It is often argued that the Government could rapidly solve the problem of the overloading of the prison system by a massive transfer of resources from custodial to non-custodial treatment. In essence, I thought that was the case put by Lord Soper tonight, and the words I have used are quoted from evidence given to the May Comimttee by the noble Earl, Lord Longford. In principle this goes to the nub of the debate. This is an attractive idea, but with respect, I consider that it has an element of placing the cart before the horse because any transfer from custody to non-custody must start with a transfer not of resources, but of offenders. To meet the demand which additional offenders given non-custodial sentence would place on, in particular, the Probation Service and allied facilities, additional resources would have to be allocated to these services at a time when, at any rate for some time, no less money would need to be spent on prison staff and buildings. Of course in effect this is the direction in which Government have been going through community service, though no doubt at a slower rate than some people would wish. But let us suppose that a massive expenditure programme to prime the pumps of non-custodial service were embarked upon. Would it in the longer term enable prison expenditure to be reduced so that overall expenditure was less and not greater? Of course it is impossible to say. The Government provide—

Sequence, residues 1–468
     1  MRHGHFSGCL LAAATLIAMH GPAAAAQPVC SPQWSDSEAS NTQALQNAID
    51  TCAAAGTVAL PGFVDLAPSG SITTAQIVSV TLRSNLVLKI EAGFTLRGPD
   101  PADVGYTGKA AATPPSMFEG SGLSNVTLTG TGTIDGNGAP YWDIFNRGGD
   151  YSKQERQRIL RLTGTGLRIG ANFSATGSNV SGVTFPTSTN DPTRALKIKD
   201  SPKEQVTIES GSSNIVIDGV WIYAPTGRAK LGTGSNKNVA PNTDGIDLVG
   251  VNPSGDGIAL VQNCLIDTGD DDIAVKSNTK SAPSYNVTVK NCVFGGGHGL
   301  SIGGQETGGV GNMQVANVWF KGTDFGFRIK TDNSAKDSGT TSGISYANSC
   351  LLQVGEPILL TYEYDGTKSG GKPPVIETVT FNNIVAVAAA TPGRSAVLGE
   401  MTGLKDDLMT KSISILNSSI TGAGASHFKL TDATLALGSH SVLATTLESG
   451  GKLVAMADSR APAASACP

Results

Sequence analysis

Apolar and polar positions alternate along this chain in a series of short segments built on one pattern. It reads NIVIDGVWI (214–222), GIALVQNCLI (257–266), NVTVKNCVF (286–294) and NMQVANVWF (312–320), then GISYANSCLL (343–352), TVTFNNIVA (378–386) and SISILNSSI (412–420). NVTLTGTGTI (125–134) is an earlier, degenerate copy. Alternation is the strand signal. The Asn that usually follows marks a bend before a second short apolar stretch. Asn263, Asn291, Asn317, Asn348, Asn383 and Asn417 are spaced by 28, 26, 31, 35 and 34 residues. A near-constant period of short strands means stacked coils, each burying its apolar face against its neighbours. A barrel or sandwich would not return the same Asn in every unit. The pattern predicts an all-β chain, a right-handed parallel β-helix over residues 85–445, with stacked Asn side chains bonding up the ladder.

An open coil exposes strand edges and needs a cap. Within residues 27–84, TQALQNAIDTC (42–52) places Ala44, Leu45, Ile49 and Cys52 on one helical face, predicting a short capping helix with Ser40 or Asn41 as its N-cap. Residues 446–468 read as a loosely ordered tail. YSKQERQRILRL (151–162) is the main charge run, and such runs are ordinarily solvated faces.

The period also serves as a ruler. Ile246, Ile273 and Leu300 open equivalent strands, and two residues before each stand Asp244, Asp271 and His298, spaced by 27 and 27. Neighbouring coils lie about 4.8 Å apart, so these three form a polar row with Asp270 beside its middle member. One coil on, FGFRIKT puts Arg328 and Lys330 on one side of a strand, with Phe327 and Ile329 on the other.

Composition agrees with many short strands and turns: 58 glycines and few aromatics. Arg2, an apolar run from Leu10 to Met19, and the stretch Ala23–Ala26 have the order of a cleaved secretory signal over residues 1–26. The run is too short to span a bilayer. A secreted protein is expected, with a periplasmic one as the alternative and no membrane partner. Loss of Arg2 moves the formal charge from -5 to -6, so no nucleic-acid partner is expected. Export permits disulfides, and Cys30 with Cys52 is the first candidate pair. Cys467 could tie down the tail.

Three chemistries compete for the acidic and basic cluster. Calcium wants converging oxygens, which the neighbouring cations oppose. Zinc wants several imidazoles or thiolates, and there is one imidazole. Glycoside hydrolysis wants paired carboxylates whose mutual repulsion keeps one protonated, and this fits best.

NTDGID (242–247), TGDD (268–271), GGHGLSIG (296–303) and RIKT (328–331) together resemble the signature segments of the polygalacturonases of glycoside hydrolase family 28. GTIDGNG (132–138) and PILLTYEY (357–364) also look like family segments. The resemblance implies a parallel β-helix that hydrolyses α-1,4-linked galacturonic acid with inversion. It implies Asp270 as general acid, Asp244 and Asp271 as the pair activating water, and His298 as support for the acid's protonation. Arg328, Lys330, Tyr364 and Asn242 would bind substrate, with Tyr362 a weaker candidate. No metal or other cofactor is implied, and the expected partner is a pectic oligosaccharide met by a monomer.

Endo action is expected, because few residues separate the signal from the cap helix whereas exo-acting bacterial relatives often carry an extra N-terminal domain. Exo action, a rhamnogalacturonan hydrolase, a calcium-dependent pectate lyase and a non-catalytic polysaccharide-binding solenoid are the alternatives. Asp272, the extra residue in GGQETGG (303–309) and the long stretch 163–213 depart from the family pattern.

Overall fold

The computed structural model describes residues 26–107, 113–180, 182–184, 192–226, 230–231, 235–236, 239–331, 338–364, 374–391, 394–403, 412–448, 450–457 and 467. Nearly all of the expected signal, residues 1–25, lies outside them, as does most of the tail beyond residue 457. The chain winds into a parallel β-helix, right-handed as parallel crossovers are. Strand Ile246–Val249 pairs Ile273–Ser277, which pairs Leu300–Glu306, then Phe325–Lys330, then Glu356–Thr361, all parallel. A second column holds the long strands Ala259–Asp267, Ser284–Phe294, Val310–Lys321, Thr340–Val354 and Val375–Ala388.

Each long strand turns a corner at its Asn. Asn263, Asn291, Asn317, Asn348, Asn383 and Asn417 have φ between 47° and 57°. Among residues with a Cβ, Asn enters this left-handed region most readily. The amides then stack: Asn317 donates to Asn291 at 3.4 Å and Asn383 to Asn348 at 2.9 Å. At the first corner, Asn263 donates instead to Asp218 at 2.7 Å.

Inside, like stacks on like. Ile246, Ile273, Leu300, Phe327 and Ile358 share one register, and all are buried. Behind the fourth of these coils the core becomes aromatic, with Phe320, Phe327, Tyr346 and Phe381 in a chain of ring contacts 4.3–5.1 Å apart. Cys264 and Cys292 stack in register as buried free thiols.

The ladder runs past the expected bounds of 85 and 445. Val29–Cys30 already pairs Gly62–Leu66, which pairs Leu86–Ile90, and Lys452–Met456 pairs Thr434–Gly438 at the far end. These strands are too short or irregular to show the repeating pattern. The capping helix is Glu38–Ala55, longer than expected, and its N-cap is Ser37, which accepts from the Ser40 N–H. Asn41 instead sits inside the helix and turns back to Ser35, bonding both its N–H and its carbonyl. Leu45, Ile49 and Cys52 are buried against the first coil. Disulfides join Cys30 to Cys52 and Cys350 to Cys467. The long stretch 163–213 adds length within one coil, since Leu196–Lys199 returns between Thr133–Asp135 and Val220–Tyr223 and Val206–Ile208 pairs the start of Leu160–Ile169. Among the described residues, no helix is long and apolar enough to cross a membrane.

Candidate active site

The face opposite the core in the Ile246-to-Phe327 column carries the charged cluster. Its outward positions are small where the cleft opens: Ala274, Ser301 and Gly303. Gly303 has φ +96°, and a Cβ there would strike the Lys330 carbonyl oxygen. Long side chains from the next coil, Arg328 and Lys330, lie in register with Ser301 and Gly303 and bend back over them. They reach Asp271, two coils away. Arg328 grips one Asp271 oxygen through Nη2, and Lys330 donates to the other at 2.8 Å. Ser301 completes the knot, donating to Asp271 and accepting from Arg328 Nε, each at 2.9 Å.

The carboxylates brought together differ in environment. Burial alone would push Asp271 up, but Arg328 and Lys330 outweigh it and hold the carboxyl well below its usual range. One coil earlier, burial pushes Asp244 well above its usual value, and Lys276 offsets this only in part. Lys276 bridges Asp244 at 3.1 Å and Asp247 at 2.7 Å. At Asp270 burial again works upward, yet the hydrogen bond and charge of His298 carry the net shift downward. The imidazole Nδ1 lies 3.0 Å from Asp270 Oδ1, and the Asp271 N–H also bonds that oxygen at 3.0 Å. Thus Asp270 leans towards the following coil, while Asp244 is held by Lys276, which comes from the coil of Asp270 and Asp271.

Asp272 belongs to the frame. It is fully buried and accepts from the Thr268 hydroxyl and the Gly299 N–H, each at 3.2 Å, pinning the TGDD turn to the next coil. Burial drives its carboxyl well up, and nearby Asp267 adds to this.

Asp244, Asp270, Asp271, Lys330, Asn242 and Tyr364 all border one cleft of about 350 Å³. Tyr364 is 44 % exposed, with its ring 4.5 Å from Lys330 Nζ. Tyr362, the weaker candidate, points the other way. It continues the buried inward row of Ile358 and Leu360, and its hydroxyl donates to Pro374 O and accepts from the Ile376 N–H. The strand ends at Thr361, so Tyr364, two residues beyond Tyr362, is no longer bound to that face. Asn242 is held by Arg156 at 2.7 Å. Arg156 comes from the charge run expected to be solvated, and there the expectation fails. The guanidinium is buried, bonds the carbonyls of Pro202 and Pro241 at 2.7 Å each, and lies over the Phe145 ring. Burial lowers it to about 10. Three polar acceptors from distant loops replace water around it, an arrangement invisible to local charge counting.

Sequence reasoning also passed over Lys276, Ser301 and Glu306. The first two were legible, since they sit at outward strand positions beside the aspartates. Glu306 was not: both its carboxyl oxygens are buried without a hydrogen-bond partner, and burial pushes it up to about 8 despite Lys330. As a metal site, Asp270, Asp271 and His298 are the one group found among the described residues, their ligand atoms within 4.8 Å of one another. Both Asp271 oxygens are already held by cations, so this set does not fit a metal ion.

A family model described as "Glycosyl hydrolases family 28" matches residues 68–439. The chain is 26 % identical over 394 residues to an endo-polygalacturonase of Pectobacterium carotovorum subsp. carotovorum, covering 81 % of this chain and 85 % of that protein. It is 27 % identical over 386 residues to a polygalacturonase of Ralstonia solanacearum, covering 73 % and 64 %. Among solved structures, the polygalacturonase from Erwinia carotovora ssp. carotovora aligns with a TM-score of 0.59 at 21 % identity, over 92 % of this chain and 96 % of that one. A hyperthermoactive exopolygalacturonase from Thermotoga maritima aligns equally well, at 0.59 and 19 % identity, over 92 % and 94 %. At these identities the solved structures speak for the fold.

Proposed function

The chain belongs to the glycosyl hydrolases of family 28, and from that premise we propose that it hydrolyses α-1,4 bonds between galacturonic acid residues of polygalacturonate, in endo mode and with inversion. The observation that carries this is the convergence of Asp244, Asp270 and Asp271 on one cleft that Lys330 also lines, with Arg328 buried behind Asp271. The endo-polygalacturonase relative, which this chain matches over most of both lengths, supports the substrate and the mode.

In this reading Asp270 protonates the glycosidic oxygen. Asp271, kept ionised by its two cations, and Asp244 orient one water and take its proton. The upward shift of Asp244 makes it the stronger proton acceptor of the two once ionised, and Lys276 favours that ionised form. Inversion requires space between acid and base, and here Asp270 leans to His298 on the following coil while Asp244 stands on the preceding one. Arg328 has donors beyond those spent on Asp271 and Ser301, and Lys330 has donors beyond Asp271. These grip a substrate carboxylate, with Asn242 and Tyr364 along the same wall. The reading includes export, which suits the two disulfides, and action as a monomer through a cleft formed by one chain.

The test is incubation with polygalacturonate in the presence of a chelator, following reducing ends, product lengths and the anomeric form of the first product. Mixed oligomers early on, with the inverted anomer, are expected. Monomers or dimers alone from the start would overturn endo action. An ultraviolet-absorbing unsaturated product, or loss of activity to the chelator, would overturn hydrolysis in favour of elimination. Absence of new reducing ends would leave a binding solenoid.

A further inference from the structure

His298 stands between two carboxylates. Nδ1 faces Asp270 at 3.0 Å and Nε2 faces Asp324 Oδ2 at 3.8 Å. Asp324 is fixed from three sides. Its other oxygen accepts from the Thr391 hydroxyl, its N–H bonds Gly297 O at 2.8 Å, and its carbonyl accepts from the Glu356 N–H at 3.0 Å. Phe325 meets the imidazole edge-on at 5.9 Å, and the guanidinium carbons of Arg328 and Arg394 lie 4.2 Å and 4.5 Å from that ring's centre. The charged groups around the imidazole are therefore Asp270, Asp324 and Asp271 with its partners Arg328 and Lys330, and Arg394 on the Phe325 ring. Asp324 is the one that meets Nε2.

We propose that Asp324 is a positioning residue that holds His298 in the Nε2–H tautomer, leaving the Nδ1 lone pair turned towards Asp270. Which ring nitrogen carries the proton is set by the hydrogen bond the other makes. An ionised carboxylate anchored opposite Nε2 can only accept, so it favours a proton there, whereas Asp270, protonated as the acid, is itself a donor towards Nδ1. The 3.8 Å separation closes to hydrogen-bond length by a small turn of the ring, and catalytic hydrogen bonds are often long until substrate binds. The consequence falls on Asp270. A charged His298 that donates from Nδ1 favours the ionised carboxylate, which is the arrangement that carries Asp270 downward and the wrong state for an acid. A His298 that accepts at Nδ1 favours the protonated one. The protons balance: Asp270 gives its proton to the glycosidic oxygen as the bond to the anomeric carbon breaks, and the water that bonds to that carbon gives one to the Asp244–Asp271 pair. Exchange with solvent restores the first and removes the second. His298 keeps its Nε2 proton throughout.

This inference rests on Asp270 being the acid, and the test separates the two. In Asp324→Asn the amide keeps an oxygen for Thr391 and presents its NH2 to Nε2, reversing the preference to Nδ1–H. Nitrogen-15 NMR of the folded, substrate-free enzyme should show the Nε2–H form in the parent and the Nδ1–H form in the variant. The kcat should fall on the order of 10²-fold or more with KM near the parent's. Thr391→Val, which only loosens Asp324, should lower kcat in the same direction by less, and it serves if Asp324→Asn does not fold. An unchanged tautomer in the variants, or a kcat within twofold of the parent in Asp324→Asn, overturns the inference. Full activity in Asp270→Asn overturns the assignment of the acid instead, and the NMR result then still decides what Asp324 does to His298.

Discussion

The Earl of LONGFORD

My Lords, in the longterm there really could not be any argument about it. Everyone knows that it costs far more to keep a person in prison than it does to keep him outside—it may be 10 times as much. Whatever might be said about the immediate situation, I should have thought that the long-term situation was incapable of being looked at two ways.